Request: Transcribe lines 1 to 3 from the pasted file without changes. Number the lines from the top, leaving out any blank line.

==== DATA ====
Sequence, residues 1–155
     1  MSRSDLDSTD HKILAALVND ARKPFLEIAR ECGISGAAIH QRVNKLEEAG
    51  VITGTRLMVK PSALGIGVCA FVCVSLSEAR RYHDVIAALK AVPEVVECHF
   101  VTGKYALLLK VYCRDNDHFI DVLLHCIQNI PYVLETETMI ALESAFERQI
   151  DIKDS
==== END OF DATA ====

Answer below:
Sequence, residues 1–155
     1  MSRSDLDSTD HKILAALVND ARKPFLEIAR ECGISGAAIH QRVNKLEEAG
    51  VITGTRLMVK PSALGIGVCA FVCVSLSEAR RYHDVIAALK AVPEVVECHF